A photo (by Fábio Alves on Unsplash) of several open sandwiches



How it works

When you’re planning a kid’s birthday party, a big picnic (or any occasion requiring multiple rounds of sandwiches) the last thing you need is mental arithmetic to work out how many slices of bread (and therefore loaves) you need.

So we made this calculator.

If you’re interested in bread, sandwiches and saving money you might want to give our post investigating: Are bread makers worth it?

It’s based on the average British supermarket-bought pre-sliced ‘medium’ loaf — which contains an average of 18 slices.  Some have 20 slices but this varies — especially if you do/don’t count the heels or ends of the bread (our kids love them, others loathe them).

We factored this into the calculator as, inevitably, the more sandwiches you make the more wastage you’ll have as one slice rips/gets dropped on the floor/eaten by the dog etc.

As most savvy shoppers will know the price of a loaf varies a lot too so the cost is ballpark based on the Office for National Statistics’ average price for a loaf from the retail price index.

We hope you find it helpful and it gives you one fewer thing to worry about when planning your big party/day out/field trip.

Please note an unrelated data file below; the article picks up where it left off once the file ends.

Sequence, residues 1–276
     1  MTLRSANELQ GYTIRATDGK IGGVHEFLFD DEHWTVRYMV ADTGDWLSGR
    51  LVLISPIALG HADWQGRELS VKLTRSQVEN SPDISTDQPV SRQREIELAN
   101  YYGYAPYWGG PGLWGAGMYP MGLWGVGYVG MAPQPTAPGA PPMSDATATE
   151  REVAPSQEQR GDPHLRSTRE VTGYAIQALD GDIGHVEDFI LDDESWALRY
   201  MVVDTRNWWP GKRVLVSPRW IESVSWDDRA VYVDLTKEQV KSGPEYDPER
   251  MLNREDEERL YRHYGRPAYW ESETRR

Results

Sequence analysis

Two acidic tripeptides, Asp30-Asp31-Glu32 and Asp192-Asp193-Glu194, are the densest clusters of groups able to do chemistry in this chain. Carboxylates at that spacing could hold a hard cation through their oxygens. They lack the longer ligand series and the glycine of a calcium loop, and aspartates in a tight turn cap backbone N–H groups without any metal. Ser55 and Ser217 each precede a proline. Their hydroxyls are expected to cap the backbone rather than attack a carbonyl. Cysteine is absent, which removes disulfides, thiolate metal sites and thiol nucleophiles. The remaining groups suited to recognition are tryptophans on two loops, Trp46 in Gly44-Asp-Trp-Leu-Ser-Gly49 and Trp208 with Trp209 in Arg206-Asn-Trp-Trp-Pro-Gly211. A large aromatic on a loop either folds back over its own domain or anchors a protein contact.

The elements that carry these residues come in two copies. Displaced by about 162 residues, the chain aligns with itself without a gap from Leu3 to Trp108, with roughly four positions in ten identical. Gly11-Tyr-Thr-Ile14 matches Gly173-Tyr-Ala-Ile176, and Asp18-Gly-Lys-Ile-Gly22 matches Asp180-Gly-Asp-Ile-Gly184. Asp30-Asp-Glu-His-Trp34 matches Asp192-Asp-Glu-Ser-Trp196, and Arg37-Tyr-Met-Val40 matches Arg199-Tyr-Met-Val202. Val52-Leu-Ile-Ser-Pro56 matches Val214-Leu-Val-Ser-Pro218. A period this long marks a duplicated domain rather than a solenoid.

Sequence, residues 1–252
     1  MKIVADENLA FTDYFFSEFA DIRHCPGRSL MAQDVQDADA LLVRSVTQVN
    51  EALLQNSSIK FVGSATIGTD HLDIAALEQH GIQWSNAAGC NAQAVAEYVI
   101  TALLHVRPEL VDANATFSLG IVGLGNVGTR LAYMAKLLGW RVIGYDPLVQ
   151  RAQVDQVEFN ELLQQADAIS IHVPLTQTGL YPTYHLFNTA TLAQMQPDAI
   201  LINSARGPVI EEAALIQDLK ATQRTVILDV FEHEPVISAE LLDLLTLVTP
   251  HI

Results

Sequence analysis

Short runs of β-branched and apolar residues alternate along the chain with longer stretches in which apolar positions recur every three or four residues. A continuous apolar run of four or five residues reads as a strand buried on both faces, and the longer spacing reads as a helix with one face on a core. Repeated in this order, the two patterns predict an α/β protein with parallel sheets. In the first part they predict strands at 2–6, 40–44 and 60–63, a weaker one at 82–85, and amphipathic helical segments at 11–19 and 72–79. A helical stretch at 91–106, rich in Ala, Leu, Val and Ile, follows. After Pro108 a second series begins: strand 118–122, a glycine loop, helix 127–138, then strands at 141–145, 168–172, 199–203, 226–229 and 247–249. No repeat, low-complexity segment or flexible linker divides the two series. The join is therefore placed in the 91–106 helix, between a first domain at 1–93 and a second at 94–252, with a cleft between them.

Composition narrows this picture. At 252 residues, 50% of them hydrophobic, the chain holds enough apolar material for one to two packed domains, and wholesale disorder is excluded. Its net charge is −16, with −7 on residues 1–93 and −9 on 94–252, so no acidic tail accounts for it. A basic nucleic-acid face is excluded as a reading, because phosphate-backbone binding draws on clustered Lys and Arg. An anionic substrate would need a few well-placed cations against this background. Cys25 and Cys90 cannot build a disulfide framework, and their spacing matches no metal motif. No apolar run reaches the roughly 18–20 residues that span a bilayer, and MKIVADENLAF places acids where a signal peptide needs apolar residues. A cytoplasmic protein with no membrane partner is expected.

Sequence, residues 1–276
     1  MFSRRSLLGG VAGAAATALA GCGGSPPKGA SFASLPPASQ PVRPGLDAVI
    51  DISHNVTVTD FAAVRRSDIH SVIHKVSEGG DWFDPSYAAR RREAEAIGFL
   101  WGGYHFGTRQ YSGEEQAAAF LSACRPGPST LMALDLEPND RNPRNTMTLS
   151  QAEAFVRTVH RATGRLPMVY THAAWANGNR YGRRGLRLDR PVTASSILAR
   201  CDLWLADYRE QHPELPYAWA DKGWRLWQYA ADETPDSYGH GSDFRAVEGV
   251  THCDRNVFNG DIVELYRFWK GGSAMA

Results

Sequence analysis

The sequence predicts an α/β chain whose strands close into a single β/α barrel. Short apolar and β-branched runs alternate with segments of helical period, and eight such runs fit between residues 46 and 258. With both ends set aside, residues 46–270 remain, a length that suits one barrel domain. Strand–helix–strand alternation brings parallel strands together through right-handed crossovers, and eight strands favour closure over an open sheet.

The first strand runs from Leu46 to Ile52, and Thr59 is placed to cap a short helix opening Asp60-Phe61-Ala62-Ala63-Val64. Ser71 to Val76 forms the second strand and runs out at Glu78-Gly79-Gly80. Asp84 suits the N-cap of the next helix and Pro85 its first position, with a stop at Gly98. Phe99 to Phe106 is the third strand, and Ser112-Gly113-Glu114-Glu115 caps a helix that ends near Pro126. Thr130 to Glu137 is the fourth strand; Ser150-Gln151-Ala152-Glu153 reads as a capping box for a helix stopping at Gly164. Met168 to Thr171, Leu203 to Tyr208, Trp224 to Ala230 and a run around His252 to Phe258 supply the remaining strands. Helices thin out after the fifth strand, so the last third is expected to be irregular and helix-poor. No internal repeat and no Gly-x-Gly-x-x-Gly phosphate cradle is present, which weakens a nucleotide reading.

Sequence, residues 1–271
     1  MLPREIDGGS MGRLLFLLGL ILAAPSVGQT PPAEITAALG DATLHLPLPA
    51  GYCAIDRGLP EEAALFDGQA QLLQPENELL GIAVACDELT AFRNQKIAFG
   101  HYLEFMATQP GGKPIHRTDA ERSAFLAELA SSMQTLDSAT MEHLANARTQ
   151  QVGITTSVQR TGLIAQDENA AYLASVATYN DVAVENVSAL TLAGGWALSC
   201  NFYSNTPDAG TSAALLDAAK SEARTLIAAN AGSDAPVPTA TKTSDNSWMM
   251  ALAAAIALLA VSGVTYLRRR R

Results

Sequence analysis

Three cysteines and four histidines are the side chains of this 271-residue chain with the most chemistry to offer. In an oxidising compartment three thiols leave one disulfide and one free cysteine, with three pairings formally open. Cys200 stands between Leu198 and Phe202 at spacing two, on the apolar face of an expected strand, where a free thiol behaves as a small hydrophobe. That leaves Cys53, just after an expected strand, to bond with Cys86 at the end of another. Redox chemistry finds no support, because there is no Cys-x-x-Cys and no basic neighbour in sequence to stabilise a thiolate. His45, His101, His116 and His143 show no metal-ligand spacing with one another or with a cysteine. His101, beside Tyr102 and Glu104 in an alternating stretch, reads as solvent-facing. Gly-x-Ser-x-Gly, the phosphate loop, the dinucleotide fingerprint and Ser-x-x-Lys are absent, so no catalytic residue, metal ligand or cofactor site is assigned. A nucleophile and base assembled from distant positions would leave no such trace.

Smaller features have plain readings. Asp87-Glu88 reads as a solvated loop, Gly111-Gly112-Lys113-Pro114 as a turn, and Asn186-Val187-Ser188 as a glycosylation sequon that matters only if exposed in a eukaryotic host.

Planning a picnic as part of a family day out? You should check out:
9 Ways to Save Money on Family Days Out

Some FAQs for all those of you wondering…

How many loaves of bread do you need to make 100 sandwiches?

The answer, according to our calculator, is: 12 — assuming your 100 sandwich consumers are all adults or hungry kids!

How many slices of bread are in a loaf of bread?

As above, this varies. Most supermarket loaves of bread contain 18 slices of bread. Some loaves will have 20 slices.

Even this can vary and it all depends on if you consider the end pieces to be slices.  Some people will openly rebel against having one of these included in their sandwich, others will love it so… it depends!

What is the end of the loaf of bread called?

This is another “it depends”. It’s called different things in different countries or even regions within those countries.

Here are just some of the alternative names we’ve heard/read about:

  1. Heel
  2. Crust
  3. End
  4. Stub
  5. Toppers
  6. Butt (or ‘butt bread’)
  7. Shpitzel
  8. ‘The end piece’
  9. Pietka (Polish)

We think #8 is especially inventive…

Whatever you call it, some love it, some hate it. In our house, if we’re making toast the kids will fight over it.  In a sandwich? Not much so much!